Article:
Thursday, February 18, 2010

The Great Equations

Last night I attended a delightful mathematics-themed lecture at the Los Angeles Public Library, central branch in downtown L.A. The lecture featured Dr. Robert P. Crease, author of a wonderful book “The Great Equations: Breakthroughs in Science from Pythagoras to Heisenberg.” It was part of the ALOUD lecture series hosted by the Library Foundation. I’ve attended previous ALOUD lectures and they’ve all been excellent and very well attended like last night which was standing room only. Admission to the ALOUD lectures is free, but you need to reserve a ticket ahead of time.

Dr. Crease led the audience through a fascinating tour of the topics in his book. As a philosophy professor, the focus was less technical and more historical, like the examination of Maxwell’s equations which had immense and far reaching application, but had to be narrowed down by a self-taught electrical practitioner, Oliver Heaviside, to yield the four familiar equations that are taught to physics undergrads today. Crease covered a very wide range of famous mathematical results dating back from the ancient Greeks, on to Newton, to Einstein, and to Heisenberg. The lecture was approachable to a general audience and there were many young people of high-school and college age in attendance. After the lecture there was a Q&A session and a book signing (I got mine made out to the “Physics Groupie!”).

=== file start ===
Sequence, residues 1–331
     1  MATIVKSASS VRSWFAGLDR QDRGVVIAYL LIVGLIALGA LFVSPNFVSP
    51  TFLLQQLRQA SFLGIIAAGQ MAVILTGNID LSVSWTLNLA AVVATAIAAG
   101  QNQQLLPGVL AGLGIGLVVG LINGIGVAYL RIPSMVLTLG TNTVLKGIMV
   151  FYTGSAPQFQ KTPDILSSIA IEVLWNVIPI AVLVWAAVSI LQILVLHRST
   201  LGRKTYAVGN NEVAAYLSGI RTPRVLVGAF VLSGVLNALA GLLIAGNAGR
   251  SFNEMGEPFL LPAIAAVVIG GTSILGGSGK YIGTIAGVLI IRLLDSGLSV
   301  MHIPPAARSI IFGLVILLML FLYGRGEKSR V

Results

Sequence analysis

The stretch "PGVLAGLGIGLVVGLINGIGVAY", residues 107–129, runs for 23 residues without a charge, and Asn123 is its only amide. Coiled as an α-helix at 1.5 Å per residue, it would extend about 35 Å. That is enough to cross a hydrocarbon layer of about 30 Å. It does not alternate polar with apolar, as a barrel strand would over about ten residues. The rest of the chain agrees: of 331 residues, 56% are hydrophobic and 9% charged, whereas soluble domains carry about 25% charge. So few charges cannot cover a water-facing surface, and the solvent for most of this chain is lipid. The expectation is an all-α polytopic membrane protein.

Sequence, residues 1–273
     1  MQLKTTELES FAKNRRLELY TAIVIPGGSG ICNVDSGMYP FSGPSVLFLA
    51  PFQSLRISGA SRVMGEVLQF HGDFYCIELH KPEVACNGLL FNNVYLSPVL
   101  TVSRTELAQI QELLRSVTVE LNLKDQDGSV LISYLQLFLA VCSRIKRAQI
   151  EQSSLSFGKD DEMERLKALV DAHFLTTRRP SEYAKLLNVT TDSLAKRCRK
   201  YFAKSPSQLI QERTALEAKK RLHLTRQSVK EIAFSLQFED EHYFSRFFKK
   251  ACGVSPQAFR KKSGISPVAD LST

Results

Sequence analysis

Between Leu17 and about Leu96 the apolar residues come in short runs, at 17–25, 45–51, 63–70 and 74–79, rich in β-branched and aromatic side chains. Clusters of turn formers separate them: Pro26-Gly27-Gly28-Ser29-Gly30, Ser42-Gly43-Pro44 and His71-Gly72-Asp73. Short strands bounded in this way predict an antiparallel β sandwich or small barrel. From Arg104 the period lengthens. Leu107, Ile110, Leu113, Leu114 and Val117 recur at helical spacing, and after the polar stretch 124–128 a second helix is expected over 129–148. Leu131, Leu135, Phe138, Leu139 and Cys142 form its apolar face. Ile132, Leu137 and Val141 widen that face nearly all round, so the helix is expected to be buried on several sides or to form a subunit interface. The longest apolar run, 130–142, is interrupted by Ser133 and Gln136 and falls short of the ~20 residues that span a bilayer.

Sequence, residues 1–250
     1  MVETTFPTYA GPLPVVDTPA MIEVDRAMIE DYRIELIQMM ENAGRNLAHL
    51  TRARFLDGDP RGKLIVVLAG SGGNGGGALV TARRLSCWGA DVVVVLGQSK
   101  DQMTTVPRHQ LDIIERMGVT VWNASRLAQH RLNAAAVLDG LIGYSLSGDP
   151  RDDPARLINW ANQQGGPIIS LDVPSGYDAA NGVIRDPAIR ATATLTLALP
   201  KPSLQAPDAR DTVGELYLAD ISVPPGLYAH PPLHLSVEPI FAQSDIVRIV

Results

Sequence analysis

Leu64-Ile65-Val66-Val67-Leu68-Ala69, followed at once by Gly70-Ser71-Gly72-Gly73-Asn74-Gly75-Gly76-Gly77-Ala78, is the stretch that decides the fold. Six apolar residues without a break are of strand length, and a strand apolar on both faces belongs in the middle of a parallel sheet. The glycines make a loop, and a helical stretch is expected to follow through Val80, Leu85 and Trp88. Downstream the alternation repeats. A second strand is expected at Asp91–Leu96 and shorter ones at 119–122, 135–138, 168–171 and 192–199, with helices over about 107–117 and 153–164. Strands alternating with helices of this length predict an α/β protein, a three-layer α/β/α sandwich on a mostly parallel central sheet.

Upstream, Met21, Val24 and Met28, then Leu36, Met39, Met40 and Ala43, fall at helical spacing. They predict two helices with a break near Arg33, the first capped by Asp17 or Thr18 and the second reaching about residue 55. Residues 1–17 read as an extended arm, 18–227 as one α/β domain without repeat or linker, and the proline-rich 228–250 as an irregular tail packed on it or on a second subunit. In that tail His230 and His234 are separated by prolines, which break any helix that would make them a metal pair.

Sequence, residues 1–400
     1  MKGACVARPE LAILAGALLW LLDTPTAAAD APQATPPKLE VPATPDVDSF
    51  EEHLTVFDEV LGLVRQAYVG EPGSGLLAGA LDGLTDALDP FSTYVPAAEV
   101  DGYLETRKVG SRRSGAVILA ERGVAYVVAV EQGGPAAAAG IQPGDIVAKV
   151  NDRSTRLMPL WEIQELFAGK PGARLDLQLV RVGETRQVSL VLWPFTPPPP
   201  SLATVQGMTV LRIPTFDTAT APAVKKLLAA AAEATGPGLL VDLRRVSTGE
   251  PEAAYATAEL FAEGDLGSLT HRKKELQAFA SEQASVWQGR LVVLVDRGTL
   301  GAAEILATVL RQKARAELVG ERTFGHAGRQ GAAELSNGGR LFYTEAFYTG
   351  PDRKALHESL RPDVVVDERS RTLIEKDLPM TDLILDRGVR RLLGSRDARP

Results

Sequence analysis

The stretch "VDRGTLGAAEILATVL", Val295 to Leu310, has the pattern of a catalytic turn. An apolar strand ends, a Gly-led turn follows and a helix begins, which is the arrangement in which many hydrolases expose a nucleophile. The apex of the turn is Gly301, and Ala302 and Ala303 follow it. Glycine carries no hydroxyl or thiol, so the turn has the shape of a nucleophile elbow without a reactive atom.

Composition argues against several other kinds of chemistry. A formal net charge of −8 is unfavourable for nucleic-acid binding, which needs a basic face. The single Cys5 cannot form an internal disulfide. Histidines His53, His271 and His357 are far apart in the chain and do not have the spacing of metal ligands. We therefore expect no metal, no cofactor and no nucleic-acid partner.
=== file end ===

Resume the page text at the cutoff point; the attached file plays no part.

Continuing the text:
As you all know by now, I greatly enjoy the opportunity to follow science and math events around the city in part because I get to encounter parts of town I rarely see. Before the lecture, I sat at sidewalk table at a coffeehouse near the library, contemplated the science lifestyle, and watched people pass by who actually still wear business suits. I was trying to work on my astrophysics book, but my experimental observations (aka people watching) got in the way.

If you live in the L.A. area, I would highly recommend the ALOUD lecture series, but if you don’t, you should check out the offerings of the public library in your own town. You might be pleasantly surprised.

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